Storm damage has knocked out your firm's infrastructure. While engineers work furiously to restore operability, your management team convenes to discuss another priority: how to restore your customers confidence in your company. Just as someone rushes in to tell you vandals have entered one of your main offices, the phone rings - it's a reporter from the New York Times. What do you do?
In a disaster, it's hard enough to simply handle the clean-up and recovery of normal operation, without the added burden of dealing with public perception and media hounds. Yet, to truly service your company effectively, you must address this growing issue. In today's environment, public perception is a crucial influence on whether a company succeeds after a disaster. Often, all a company has going for it after this time of trouble is its goodwill and loyal following. So working with the media to positively communicate the situation and allay the public's fears becomes especially important.
It's not your job to be a public relations expert ... it is advantageous if you understand the importance of working with the media and creating a crisis management plan, and know where to go for professional assistance in this task. It also doesn't hurt if you know a few basics of putting the best foot forward yourself.
So ... what do you do?
The best defense is a strong offense. So, once you determine what damage has been sustained, and you are serious about emerging from the crisis as a viable, continuing business, call in a media crisis management specialist. This specialist should become part of the planning team, who's initial responsibility is to create a specific crisis management plan for your company's situation and implement it.
If you haven't been that foresighted, or the bad new leaks before you've had the opportunity to take such action, don't panic. There are basic steps you can take to minimize the damage, while you get a specialist lined up to take over.
The first rule of thumb is to always be responsive. Don't dodge a reporter's calls, hoping they'll go away. They won't - and you give up control when, through your refusal to talk, you send them to dig other places for information (like your biggest rival). Deal with the situation honestly and openly, keeping control of the information you provide while answering the reporter's questions positively and responsibly. Repair the damage as quickly as possible, don't waste time pointing fingers at different sources, and don't dwell on the problem always point out positive steps being taken to remedy the situation.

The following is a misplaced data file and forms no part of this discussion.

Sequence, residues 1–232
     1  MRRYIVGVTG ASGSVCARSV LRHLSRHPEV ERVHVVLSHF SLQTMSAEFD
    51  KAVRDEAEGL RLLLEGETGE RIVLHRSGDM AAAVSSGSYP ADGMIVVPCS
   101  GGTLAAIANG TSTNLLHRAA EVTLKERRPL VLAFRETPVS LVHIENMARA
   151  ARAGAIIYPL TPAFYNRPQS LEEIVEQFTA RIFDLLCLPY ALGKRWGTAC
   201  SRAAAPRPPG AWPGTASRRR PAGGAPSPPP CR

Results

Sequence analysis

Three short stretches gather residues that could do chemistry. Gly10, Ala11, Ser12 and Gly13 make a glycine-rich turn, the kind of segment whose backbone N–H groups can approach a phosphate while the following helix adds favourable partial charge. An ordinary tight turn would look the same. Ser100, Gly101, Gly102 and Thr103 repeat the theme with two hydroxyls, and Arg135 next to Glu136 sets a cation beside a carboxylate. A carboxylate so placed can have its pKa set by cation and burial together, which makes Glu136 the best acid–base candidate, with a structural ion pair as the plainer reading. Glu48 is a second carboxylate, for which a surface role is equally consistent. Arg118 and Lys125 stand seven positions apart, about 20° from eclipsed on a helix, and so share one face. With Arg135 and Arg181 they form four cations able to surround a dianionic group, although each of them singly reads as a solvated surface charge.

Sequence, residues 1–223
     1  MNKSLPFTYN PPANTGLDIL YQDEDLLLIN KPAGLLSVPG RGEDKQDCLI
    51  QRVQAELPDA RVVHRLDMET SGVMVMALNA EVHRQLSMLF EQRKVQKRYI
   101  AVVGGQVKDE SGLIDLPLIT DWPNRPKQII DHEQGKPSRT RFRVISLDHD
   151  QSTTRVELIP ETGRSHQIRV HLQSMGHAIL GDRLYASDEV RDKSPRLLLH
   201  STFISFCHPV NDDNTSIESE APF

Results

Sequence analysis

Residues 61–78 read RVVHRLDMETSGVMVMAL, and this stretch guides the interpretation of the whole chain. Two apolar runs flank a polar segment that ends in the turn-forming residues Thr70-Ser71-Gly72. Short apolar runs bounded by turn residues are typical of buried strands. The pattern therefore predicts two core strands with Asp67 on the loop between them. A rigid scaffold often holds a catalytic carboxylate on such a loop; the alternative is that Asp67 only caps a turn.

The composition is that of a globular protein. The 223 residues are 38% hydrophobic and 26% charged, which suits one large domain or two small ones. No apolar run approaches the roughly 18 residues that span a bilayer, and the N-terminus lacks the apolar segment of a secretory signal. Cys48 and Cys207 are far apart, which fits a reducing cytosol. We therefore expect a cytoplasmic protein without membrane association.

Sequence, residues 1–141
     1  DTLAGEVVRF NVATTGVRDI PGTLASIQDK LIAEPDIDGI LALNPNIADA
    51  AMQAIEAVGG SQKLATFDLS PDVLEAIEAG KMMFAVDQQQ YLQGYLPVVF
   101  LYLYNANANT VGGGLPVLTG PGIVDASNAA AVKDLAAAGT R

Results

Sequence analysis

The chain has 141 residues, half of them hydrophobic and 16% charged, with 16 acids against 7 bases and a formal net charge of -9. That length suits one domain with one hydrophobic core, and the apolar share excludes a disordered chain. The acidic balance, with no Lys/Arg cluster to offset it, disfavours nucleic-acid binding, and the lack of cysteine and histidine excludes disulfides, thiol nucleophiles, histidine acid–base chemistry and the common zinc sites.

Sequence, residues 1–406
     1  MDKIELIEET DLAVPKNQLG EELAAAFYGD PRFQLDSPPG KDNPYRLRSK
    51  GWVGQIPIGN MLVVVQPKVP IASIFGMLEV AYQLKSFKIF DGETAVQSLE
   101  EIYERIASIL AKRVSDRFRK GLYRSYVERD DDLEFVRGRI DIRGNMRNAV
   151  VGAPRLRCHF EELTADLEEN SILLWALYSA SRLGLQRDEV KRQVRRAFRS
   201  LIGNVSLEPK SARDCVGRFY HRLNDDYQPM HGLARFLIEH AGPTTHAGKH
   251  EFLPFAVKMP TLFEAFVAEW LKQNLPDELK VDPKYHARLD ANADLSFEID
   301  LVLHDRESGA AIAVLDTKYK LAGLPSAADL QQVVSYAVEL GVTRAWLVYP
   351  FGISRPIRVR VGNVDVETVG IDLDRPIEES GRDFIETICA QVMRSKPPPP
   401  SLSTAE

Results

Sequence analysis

Sound simple? It is, if a few basic rules of thumb are followed ... and if you're prepared.
The most obvious lesson- be responsive and available to the media' within your own terms. The media is to be respected, not feared; it is comprised of well-trained (for the most part) professionals, who are intent on doing the best job they can ... and their job is to get a story.
They seek specific, factual information - information which you provide them. If you're well prepared, you can furnish valuable, newsworthy information that puts forth your point of view, your perspective, your story. The key phrase here is if you're well prepared.
To help you prepare for dealing with the media, to help you gain confidence and comfort in dealing with reporters from all types of sources, following are some basic 'do's and don'ts' for effective - and advantageous - media encounters.
Prepare well in advance (like at the first meeting where action is determined). Identify in writing two or three authoritative, informational statements that are broad enough to apply to many different types of situations, but specific enough to provide real, quotable information for the reporter (or call in a specialist, who will handle this task as well as many others in this list). These statements will serve as your anchor when reporters call, giving you a reference and a focus when the questions come too fast, or touch on topics too volatile.